At the time this study started, docetaxel had promising results for metastatic prostate cancer (castration-resistant initially, then even for hormone-sensitive). It had demonstrated significant overall survival (OS) benefit, especially in conjunction with estramustine (to limit neutropenic fever).
Based on this, the following was the study trial design:
Some important things to note are:
1) Inclusion criteria allowed for Gleason 7 prostate cancer
2) Patients had pelvic LND prior to randomization to stratify based on pN status
3) PSA > 20 (higher cutoff than some other studies)
4) Docetaxel was just 4 cycles (as it had not yet been established in metastatic disease) and was given with estramustine
5) Local treatment could have been either radiation or prostatectomy
- If pN-, either radiotherapy or prostatectomy
- If pN+, radiotherapy or observation
- Of note, 87% of patients got radiotherapy
6) ADT was goserelin for 3 years, and androgen-receptor inhibitor for 3 weeks (to start)
413 patients were accrued between 2002-2006. The results of this study cohort have previously been published (Fizazi Eur J Cancer 2012, Fizazi Lancet Oncology 2015). However, it should be noted that 57-58% were Gleason 7, 59% were Gleason > 20, 29% were pN+, and 67% were pT3-T4. The two prior studies had already established the following:
1) It was the first study to test docetaxel in high-risk localized prostate cancer
2) Tolerated well – 2% neutropenic fever, no deaths
3) No negative impact on QOL at 1 year
4) PSA response improved (p < 0.001)
5) Relapse-free survival (RFS), which was primary endpoint, significantly improved (HR 0.71, p = 0.017) – at that time, median follow-up was 8 years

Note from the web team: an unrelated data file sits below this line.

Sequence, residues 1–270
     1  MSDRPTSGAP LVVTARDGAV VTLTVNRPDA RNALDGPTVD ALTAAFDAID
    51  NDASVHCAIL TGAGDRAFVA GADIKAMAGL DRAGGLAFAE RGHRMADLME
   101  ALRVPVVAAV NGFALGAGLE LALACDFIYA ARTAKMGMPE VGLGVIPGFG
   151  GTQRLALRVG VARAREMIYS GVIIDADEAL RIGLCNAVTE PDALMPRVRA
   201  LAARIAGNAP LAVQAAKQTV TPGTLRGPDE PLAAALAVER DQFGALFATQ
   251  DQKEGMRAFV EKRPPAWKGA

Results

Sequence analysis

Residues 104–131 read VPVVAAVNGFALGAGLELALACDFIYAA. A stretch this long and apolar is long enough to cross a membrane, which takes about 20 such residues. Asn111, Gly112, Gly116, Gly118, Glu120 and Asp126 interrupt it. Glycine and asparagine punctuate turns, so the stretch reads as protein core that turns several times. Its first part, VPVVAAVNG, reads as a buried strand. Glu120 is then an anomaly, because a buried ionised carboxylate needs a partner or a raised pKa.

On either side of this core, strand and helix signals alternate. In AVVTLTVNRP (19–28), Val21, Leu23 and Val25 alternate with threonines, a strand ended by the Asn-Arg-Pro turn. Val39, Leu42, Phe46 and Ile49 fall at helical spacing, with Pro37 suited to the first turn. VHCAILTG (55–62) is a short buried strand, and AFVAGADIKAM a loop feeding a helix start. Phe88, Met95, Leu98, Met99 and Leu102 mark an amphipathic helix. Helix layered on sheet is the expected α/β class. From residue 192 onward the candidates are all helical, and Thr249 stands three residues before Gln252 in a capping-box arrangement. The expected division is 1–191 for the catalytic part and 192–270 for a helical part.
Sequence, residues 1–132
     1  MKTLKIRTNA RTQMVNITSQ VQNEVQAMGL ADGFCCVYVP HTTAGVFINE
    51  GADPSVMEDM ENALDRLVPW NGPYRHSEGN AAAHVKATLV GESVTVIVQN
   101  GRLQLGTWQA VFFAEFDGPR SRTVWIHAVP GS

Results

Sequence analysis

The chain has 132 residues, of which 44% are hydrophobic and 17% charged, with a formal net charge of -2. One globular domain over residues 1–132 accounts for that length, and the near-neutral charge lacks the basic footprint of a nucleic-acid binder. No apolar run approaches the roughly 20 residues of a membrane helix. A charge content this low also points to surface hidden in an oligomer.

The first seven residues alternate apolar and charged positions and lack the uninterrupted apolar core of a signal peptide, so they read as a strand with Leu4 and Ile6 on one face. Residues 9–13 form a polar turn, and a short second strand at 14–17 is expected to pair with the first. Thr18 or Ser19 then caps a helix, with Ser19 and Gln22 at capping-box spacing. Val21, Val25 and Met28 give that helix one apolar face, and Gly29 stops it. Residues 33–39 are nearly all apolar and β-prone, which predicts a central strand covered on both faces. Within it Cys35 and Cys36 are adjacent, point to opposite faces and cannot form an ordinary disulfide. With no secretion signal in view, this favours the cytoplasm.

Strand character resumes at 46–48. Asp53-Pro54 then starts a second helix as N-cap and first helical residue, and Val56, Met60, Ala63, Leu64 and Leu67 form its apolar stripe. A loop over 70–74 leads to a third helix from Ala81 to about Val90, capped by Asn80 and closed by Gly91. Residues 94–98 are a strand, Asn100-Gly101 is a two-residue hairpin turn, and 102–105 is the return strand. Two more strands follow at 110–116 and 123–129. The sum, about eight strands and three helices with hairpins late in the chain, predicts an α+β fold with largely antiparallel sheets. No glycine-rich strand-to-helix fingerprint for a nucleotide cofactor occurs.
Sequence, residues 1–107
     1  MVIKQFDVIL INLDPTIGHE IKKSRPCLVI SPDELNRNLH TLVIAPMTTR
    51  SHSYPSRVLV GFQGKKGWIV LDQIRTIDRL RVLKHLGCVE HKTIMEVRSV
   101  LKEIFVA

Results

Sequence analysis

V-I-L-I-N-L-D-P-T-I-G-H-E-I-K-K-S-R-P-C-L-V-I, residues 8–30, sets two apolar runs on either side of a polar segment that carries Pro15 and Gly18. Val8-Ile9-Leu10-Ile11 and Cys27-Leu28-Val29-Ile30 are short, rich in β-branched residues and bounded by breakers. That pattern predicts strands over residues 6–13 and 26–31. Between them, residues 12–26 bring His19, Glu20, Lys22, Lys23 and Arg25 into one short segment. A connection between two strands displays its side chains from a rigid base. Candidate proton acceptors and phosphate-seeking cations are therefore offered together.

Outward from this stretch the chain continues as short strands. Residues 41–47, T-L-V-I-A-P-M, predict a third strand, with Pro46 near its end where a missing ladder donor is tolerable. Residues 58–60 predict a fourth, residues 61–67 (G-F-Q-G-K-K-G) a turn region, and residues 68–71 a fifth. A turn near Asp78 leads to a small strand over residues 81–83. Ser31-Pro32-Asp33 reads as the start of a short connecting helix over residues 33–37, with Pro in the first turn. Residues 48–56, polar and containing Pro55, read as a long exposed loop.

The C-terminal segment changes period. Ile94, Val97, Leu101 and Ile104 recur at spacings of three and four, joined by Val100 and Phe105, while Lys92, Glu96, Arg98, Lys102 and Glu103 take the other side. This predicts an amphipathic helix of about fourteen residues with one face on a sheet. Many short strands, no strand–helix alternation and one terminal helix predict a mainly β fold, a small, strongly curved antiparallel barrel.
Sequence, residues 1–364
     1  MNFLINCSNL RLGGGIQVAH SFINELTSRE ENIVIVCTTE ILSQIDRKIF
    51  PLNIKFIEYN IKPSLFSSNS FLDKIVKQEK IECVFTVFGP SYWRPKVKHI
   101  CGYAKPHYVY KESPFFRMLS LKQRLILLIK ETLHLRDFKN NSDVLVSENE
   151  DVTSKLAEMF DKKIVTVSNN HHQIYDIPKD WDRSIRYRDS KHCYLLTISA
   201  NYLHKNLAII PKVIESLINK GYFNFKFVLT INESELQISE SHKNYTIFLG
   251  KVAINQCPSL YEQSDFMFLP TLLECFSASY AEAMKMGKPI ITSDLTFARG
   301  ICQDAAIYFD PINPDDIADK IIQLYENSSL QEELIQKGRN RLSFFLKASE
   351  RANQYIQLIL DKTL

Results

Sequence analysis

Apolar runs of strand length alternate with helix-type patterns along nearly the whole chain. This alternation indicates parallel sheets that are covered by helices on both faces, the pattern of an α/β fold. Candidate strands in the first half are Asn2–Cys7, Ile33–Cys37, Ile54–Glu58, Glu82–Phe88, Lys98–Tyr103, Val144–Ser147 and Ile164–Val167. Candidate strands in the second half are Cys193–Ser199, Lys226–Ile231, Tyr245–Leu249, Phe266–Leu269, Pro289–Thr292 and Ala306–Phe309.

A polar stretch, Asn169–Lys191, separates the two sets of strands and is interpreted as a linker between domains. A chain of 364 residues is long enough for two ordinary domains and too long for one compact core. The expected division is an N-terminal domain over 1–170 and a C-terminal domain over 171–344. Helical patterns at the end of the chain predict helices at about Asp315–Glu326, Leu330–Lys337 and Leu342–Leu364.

However, since that time, additional trials have reported on the use of doxetaxel in high-risk localized PCa with mixed results:
- STAMPEDE, RTOG 0521 support same findings – meta-analysis, HR 0.70, p < 0.001
- SPCG12, VA CSP #553, SPCG13 had contradictory findings
His following slide was important to this update.
In the original study, RFS included PSA relapse. But clinical RFS excludes PSA response. Each subsequent outcome is more selective.
In this follow-up, now with 12 years follow-up, they sequentially assessed RFS, cRFS and MFS. They only went to the next outcome if the first one was significant. They found the following:
- RFS – Median RFS 11.6 vs. 8.1 months (3.5 year benefit), HR 0.71, p = 0.01
- On subgroup analysis, this held up for pN+, PSA > 20, T3-4 disease – but also for patients with Gleason score < 7 interestingly
- cRFS – Median 13.9 months vs. 12.5 months, HR 0.75, p = 0.049
- MFS – HR 0.81 but p = 0.16. The curves appear to separate, but maybe not enough events. Technically not significantly different.
- Importantly, looking at second malignancies, there was no difference in the rate of second malignancy development (32 in each arm, ~15% each arm)
- CSS and OS (exploratory analyses) – no difference
1) Very long follow-up is needed to assess outcomes for high risk localized prostate cancer